Within this project Bernhard Fritsch explored the links between the deconstruction of ancient spaces and post-antiquity construction projects in the city of Rome. He examined the use of spolia ­– antique building elements (such as columns or marble blocks) re-used in newer monuments ­– in the construction and re-construction of St. Peter´s Basilica in Rome.


BernhardtFritsch identified in the files from the Reverendissma Archivio della Fabbrica around fifty ancient monuments, from which spolia was brought to the construction site of St. Peter’s Basilica in the 15th  and 16th century. The project aimed to investigate the impact of the loss of material on the ancient monuments and to follow the traces of the material in St. Peter’s basilica. For that reason, detailed 3D data of column shafts was created in order to distinguish whether the run of the entasis of the columns were manufactured in antiquity or the early modern age.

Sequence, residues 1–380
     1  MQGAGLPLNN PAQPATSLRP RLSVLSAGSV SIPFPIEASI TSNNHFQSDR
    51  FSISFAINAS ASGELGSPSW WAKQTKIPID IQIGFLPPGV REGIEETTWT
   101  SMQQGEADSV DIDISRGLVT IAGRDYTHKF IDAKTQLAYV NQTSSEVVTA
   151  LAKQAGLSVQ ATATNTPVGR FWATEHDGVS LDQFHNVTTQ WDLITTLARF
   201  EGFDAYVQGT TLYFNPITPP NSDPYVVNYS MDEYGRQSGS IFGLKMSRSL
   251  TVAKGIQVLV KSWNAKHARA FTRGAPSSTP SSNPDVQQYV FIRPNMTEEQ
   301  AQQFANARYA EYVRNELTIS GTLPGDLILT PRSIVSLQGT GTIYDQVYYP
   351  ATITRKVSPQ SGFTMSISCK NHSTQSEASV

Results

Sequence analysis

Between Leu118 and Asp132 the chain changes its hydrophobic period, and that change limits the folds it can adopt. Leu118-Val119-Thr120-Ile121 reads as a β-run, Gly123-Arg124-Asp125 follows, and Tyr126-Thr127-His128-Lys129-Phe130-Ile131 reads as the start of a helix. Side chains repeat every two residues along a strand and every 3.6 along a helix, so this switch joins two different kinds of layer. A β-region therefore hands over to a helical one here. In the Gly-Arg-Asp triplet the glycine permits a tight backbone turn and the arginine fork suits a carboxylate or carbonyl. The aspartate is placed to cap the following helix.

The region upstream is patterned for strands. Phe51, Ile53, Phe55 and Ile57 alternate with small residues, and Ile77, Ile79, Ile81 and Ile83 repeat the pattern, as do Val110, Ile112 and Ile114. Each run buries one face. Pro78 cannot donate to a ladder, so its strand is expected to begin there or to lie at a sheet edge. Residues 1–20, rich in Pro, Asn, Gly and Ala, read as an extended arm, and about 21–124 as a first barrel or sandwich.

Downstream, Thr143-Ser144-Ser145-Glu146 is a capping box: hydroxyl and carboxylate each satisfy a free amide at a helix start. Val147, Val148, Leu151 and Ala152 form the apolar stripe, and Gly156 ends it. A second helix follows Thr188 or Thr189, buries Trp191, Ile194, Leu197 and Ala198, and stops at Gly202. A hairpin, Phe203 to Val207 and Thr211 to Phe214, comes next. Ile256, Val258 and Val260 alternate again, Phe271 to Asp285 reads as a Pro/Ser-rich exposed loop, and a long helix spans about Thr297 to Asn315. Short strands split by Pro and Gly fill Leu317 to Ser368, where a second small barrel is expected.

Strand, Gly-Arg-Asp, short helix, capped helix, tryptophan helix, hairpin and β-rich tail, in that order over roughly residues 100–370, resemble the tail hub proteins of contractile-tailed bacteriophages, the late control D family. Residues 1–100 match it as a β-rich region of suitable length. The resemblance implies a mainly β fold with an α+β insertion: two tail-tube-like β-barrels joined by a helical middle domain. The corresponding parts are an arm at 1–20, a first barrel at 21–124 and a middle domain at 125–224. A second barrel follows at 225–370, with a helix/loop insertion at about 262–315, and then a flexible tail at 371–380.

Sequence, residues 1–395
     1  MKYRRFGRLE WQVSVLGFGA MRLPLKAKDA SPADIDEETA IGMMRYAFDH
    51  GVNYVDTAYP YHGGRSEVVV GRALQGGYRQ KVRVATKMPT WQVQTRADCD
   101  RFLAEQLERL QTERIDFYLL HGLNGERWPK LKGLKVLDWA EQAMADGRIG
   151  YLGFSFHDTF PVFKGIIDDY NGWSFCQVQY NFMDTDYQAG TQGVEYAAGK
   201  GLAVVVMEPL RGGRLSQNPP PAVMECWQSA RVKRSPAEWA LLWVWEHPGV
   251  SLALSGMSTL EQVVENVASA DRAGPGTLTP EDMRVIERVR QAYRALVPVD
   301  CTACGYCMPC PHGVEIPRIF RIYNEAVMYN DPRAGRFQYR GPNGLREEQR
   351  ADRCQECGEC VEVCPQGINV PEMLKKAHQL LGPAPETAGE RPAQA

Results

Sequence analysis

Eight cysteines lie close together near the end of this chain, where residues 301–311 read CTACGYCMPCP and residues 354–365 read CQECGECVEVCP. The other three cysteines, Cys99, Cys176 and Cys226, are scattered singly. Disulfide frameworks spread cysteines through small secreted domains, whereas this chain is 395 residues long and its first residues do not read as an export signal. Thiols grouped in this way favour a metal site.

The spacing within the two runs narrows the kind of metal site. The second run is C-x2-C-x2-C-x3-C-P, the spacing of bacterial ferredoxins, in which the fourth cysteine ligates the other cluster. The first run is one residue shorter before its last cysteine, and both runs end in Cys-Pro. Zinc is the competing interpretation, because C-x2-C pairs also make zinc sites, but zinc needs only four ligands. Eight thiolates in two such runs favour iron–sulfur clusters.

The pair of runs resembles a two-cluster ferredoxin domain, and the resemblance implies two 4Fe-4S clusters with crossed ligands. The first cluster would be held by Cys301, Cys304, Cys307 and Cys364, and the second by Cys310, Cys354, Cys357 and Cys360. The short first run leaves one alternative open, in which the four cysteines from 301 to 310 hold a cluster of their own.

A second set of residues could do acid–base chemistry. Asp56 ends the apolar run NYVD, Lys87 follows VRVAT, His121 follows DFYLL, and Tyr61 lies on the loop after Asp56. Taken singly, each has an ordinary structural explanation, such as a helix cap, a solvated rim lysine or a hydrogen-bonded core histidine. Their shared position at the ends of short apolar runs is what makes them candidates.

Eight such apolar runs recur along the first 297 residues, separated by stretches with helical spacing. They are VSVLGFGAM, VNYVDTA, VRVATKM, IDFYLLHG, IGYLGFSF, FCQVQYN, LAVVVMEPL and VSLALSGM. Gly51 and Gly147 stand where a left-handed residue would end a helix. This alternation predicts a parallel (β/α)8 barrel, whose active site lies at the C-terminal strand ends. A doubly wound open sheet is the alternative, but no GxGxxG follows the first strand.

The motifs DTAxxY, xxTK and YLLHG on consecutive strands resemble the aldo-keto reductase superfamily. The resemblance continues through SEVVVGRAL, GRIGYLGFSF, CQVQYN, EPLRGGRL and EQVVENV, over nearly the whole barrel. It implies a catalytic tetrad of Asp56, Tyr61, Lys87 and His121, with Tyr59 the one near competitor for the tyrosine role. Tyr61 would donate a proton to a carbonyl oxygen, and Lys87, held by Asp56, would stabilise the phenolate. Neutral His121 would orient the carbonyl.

This dissertation project was successfully completed in November 2016.